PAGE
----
9 II. Overview of Planning Results As described in detail in this filing, the Company's planning process is based on a comprehensive methodology for forecasting customer load requirements using a series of econometric models to determine the annual growth expected for residential heating, residential non-heating and commercial and industrial markets for both sales and transportation services. To determine the projected growth over the forecast period, the econometric models use historical economic, demographic, and energy price data, as well as weather data to determine total energy demand. The Company then analyzed load reductions expected to be achieved through the implementation of its revised energy-efficiency programs, because these reductions are exogenous to the demand forecast generated by the econometric models. The results of the Company's demand forecast (See Chart III-B-3) indicates that, over the ten-year forecast period, the residential heating market is projected to decrease by an average of 22 BBtu per year, the residential non-heat market is projected to increase by an average of 12 BBtu per year and the commercial and industrial market is projected to grow by 70 BBtu per year. The Company projects that growth opportunities in non-traditional markets over the forecast period are reflected in the results of the econometric models. The Company is not projecting any incremental growth in these markets beyond what it experienced in the historical period upon which these models are based. As explained below, the Company s demand forecast is then converted to supply requirements at the Company s citygates. The end result of the forecasting process is that projected sendout requirements increase over the forecast period averaging 53 BBtu (approximately 0.2 %) per year under normal weather conditions (See Section III.D.2). To ensure that the Company maintains adequate supplies in its portfolio to meet the projected customer load requirements, the next step in the planning process involves an analysis to define the planning standards for the coldest planning year, known as the design year and the coldest planning day, known as the design day. The results of the analysis support the Company's determination to define a design year at 6,168 heating degree day ( HDD ) with a probability of occurrence of 1 in years and a design day at 68 HDD with a probability of occurrence of 1 in 109 years. Combining the results of the design planning standards definition and the load forecasting process, the Company is projecting design-year sendout requirements to increase over the forecast period by an average of 62 BBtu, or approximately 0.2 % per year, and design day sendout to increase by an average of 0.9 BBtu, or 0.3 %, per year (See Section III.F). After the forecast of customer requirements are determined, the third step in the Company's planning process is to design a resource portfolio to meet those requirements in the most reliable and least-cost manner possible. To that end, the Company uses the SENDOUT Model (a proprietary linear programming model developed by Ventyx) to determine the adequacy of the existing portfolio in meeting the forecasted requirements and to identify any shortfalls during the forecast period. SENDOUT allows the Company to determine the leastcost, economic dispatch of its existing resources subject to contractual and operating constraints and identifies the need for and type of additional resources during the forecast period, if any. To evaluate the flexibility and adequacy of the resource portfolio under a range of reasonably foreseeable conditions, the portfolio is assessed under design and normal weather conditions as 4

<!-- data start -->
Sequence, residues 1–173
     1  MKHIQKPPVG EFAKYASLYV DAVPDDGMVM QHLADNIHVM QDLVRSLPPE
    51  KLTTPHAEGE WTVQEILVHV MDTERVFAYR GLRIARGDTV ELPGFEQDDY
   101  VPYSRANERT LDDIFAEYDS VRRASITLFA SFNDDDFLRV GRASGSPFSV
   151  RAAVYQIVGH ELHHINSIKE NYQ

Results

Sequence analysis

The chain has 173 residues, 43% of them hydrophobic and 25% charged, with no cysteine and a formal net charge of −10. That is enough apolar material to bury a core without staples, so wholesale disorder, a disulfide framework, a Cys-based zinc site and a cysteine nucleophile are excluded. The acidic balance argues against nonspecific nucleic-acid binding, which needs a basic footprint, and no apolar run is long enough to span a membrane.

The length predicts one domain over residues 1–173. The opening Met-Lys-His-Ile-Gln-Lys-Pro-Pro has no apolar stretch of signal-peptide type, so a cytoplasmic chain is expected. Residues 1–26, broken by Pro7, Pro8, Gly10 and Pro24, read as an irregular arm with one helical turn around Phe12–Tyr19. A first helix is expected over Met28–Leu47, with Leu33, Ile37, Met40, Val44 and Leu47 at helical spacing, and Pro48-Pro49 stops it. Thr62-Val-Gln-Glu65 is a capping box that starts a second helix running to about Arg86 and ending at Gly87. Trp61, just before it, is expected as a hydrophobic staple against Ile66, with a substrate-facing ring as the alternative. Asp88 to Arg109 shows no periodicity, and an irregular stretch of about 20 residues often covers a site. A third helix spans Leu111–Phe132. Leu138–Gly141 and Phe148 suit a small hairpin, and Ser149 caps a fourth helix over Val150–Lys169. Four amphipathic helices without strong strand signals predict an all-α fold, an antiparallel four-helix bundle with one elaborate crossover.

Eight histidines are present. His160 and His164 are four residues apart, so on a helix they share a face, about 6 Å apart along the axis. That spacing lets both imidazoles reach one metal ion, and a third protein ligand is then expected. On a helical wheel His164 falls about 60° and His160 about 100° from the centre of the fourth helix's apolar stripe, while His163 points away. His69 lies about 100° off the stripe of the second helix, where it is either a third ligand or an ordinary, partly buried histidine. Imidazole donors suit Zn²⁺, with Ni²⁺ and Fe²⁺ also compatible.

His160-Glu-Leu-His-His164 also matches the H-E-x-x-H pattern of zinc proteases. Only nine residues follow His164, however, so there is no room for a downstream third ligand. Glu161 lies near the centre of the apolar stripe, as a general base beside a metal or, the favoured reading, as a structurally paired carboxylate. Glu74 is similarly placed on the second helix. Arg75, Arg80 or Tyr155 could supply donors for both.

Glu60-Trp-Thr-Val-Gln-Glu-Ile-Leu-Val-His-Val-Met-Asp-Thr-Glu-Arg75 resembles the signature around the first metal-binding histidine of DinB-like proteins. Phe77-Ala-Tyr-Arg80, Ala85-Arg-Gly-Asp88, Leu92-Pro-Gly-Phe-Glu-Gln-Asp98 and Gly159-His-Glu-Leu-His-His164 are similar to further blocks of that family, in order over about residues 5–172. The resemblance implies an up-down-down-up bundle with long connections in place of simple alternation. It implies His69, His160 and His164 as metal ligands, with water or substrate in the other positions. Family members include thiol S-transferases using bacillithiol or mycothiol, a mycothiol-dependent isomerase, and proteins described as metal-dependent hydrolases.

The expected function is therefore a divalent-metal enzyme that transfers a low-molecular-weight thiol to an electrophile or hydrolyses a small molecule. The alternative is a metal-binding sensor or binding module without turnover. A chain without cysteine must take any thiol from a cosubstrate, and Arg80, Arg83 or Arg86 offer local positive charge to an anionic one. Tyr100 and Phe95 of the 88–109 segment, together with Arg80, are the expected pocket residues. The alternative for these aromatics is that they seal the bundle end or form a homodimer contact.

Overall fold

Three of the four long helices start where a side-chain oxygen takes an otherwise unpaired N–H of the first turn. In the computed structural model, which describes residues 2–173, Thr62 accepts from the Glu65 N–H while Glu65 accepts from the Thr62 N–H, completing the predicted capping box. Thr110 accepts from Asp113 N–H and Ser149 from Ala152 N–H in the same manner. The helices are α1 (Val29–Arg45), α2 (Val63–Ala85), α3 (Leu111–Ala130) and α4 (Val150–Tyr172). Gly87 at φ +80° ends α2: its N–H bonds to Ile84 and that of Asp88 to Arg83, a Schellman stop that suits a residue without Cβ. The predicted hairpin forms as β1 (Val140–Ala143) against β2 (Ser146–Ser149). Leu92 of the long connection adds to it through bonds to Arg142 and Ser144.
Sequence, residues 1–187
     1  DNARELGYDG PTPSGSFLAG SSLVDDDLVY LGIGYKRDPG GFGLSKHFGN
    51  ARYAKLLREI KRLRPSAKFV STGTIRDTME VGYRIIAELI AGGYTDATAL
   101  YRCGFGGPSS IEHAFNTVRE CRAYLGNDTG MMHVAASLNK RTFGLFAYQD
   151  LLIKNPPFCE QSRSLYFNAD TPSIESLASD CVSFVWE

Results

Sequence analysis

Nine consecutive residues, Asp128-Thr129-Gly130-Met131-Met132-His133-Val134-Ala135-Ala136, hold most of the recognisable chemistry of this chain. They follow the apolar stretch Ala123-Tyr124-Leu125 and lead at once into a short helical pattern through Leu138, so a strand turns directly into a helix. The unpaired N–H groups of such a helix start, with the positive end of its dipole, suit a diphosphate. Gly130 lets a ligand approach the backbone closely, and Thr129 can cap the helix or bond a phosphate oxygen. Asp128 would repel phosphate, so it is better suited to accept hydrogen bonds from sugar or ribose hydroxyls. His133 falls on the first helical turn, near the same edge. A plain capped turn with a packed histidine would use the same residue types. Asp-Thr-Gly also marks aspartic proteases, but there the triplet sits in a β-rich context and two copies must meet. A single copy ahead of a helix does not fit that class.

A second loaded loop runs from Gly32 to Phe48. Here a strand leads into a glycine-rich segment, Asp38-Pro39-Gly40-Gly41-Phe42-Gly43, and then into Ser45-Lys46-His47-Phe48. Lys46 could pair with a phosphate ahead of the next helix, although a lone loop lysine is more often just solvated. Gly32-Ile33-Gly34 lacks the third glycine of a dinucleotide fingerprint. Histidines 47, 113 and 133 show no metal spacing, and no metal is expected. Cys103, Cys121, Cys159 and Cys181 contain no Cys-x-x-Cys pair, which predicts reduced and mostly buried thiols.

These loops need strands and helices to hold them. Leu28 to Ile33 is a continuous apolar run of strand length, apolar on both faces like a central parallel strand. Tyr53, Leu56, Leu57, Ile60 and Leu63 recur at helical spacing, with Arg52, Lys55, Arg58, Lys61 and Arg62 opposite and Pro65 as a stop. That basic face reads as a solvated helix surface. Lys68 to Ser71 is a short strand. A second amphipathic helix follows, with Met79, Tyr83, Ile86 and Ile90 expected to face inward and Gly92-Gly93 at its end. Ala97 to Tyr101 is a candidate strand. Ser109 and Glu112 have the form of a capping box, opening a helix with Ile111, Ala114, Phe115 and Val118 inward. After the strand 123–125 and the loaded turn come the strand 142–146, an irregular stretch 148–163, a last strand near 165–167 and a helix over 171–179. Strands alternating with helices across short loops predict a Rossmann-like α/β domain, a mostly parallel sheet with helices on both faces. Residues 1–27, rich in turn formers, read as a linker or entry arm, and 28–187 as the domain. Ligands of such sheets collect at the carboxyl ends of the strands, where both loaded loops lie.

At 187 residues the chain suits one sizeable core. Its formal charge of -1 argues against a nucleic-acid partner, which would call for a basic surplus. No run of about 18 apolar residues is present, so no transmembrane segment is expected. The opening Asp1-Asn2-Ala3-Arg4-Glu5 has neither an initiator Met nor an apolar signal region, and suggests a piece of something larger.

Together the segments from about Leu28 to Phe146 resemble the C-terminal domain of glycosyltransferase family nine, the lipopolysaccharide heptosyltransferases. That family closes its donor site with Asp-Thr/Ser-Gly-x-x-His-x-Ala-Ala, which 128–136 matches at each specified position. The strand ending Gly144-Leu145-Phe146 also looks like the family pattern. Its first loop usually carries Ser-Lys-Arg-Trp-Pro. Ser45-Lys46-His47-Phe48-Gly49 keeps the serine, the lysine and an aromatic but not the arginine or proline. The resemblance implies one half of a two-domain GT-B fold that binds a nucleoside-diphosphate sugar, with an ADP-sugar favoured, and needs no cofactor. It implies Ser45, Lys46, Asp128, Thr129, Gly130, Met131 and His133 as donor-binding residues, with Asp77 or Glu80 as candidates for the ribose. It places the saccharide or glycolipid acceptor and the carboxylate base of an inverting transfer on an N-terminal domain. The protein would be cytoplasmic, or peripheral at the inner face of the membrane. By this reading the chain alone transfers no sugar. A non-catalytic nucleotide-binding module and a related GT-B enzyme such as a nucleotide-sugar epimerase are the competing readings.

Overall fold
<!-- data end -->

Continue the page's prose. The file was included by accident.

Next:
10 well as a cold snap weather scenario. The Company's resource plan is sufficient to meet designyear load requirements throughout the forecast period with the addition of incremental capacity or citygate purchases. For the cold-snap weather scenario, the Company used a 14-day cold snap occurring in the coldest 14-day period of the Company's normal year (15 January - 28 January) by evaluating January weather data from The Company uses the results of the cold snap scenario to test the adequacy of inventories and refill requirements. The Company's resource plan shows that it has adequate resources available to meet cold-snap sendout requirements in all years of the forecast, with the addition of incremental capacity or citygate purchases. Please note that communications regarding this Supply Plan should be directed as follows: Jennifer Brooks Hutchinson Senior Counsel The Narragansett Electric Company d/b/a National Grid 280 Melrose Street Providence, RI (401) As discussed briefly above, this document is organized into the following principal sections: Section III reviews the Company's econometric demand forecasting methodology and discusses the development of the forecast of customer sendout requirements; Section IV discusses the design of the resource portfolio, the expected available resources, and the adequacy of the portfolio in terms of meeting forecasted customer requirements under design weather conditions; Section V contains a discussion of operational issues the Company would like to address and the Company s recommendations; and, Section VI contains the supporting tables for the filing. Appendix A contains additional weather and sendout information, changes in forecasted volume since the Company s 2012 Supply Plan filing, and pricing dynamics for the 2013/2014 season. The analysis presented in these sections demonstrates that the Company's planning process results in a reliable resource portfolio that is adequate to meet the forecasted needs of its customers at least-cost with the addition of incremental pipeline capacity as well as long-term LNG supply services. 5